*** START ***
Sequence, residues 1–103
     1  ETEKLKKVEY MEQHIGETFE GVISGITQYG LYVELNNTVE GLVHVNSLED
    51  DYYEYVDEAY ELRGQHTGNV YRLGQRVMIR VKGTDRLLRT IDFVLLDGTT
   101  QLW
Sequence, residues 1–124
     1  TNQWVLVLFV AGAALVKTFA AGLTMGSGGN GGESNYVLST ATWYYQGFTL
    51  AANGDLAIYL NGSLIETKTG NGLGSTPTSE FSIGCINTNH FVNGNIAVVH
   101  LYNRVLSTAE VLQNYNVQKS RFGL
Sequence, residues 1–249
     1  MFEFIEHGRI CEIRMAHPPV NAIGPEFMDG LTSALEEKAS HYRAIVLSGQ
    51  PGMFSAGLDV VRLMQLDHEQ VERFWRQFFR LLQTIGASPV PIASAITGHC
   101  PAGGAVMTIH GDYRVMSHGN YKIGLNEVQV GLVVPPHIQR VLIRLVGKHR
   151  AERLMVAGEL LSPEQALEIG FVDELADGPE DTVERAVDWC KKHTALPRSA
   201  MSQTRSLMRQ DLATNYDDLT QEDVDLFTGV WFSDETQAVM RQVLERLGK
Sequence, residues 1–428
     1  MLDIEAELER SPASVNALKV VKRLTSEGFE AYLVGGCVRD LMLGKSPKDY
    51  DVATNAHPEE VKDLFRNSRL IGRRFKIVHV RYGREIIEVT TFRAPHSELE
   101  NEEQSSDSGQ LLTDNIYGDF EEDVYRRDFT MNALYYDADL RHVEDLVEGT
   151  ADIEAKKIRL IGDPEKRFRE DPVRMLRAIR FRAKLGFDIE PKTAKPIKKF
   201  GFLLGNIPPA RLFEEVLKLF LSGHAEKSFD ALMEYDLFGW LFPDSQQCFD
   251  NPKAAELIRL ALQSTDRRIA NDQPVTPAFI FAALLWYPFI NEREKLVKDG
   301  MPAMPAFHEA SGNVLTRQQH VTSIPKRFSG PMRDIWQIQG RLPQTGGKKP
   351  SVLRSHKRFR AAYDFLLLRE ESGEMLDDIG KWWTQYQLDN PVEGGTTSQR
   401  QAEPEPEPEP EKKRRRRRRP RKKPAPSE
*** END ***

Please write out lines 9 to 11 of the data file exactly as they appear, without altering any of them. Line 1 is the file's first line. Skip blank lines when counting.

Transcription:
Sequence, residues 1–249
     1  MFEFIEHGRI CEIRMAHPPV NAIGPEFMDG LTSALEEKAS HYRAIVLSGQ
    51  PGMFSAGLDV VRLMQLDHEQ VERFWRQFFR LLQTIGASPV PIASAITGHC